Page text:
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Built in 1767 by John de Turk, son of Isaac de Turk, a Huguenot who settled here in 1712 and was one of a number of French Protestants who were pioneers in this part of Berks County.
A building erected about 1748 by Moravians, for use as a church and school, stands on the side road, about 1.5 miles away. Here they conducted a boarding school, 1745-51; and built a later schoolhouse, since demolished, in 1776.
Built 1745 by Dr. George de Benneville, preacher in this area 1743-55, and founder of Universalism in America. He died in Philadelphia in 1793. The house is 2.25 miles away on a side road.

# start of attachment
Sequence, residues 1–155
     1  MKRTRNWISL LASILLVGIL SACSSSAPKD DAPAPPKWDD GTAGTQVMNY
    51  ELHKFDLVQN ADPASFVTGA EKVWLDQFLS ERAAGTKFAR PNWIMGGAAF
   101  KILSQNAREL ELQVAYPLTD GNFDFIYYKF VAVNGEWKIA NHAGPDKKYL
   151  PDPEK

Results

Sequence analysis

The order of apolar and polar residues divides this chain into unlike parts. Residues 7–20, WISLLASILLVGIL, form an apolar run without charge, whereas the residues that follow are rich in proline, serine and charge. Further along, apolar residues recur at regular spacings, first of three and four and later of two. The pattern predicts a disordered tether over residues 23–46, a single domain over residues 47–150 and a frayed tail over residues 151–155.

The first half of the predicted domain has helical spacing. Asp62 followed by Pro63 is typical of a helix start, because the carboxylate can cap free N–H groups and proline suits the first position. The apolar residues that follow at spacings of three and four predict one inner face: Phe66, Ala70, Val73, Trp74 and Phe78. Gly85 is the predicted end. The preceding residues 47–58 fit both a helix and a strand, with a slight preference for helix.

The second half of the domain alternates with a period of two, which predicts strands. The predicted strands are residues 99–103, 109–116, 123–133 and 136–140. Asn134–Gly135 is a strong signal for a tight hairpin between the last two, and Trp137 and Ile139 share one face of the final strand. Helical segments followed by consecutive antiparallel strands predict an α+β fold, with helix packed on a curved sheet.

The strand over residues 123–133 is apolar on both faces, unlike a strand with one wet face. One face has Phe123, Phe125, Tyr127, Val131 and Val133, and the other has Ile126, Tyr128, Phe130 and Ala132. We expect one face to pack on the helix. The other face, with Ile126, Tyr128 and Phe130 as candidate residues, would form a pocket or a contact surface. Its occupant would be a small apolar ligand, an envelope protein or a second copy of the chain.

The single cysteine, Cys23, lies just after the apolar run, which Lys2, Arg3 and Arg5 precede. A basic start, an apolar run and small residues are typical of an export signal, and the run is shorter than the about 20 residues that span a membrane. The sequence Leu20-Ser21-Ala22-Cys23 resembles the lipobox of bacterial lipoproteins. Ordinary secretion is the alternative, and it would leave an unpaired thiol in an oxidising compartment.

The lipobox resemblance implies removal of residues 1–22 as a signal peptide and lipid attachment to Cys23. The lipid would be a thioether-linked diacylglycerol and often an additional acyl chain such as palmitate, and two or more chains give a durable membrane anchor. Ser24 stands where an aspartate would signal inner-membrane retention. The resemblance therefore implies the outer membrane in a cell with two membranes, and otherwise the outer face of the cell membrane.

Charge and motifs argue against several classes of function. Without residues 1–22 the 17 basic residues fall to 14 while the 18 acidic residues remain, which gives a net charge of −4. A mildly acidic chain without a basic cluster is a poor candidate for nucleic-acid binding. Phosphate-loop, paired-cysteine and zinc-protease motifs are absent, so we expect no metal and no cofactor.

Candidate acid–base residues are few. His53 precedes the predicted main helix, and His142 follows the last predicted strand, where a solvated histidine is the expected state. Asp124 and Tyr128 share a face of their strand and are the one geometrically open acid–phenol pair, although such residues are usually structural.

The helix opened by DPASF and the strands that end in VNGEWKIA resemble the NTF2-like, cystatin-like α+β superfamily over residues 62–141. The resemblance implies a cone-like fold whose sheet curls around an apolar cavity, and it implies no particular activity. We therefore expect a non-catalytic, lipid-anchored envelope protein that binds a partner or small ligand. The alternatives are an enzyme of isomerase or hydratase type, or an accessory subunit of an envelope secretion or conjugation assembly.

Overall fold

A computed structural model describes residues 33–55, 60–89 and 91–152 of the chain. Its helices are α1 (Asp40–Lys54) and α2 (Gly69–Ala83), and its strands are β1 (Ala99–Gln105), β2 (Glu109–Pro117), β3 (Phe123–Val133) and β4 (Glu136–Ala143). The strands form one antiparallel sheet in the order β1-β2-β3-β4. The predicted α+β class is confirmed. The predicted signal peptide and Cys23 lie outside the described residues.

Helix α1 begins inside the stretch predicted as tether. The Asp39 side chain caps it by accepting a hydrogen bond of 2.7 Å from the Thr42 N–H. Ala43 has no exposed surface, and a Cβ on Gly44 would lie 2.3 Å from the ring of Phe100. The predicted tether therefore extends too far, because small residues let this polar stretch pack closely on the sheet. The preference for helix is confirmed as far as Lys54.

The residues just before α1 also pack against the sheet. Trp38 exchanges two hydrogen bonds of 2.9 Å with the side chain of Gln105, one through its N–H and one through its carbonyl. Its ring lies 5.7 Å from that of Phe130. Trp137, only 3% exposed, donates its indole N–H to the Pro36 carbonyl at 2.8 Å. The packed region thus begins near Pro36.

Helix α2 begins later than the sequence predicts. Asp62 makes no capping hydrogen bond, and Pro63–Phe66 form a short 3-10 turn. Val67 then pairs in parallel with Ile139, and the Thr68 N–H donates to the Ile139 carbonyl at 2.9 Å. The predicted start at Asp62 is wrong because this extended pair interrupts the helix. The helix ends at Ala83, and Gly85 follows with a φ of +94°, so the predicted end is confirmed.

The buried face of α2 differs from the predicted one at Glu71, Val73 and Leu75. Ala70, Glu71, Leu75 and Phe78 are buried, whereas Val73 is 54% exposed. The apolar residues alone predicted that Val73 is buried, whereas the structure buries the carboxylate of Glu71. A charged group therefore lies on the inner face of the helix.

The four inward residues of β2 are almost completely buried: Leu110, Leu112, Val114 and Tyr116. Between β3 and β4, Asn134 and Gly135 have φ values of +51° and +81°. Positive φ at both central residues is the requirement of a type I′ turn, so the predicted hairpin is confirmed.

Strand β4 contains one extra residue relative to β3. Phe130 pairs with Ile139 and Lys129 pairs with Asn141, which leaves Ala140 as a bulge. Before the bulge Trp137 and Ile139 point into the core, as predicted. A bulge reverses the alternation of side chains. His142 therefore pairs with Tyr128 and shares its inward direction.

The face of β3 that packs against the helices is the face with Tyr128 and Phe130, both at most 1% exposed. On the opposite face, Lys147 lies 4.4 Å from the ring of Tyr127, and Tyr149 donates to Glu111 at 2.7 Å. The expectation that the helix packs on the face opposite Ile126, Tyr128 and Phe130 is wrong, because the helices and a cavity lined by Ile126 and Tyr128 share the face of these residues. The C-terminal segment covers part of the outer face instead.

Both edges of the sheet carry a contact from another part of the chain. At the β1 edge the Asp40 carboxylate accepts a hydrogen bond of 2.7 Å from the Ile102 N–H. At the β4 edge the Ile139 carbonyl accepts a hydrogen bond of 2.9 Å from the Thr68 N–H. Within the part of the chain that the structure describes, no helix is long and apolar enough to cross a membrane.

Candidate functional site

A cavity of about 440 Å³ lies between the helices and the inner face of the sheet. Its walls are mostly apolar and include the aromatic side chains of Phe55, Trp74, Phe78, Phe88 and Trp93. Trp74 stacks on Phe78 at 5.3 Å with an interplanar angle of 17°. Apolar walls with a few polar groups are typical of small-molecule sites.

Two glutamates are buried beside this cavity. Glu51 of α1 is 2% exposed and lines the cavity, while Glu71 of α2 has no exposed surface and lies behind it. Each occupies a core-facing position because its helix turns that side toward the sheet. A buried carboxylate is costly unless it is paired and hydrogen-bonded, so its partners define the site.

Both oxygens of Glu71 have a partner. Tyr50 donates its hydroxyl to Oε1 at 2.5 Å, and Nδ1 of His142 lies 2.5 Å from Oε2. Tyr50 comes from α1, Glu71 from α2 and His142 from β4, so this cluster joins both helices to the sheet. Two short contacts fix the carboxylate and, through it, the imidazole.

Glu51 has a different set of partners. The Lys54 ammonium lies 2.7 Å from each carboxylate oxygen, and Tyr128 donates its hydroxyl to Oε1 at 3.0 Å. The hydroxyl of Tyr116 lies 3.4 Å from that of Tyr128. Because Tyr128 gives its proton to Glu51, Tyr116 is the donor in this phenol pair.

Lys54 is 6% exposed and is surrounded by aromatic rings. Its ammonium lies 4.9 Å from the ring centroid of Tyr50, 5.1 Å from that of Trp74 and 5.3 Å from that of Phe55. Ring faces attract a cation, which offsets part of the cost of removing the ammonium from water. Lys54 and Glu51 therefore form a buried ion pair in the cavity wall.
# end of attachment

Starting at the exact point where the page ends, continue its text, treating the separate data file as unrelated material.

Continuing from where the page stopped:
This home, built 1801 by Henry Fisher, is a fine example of late Georgian architecture. Brought from the British Isles, this style is reflected in old homes of eastern and southern Pennsylvania.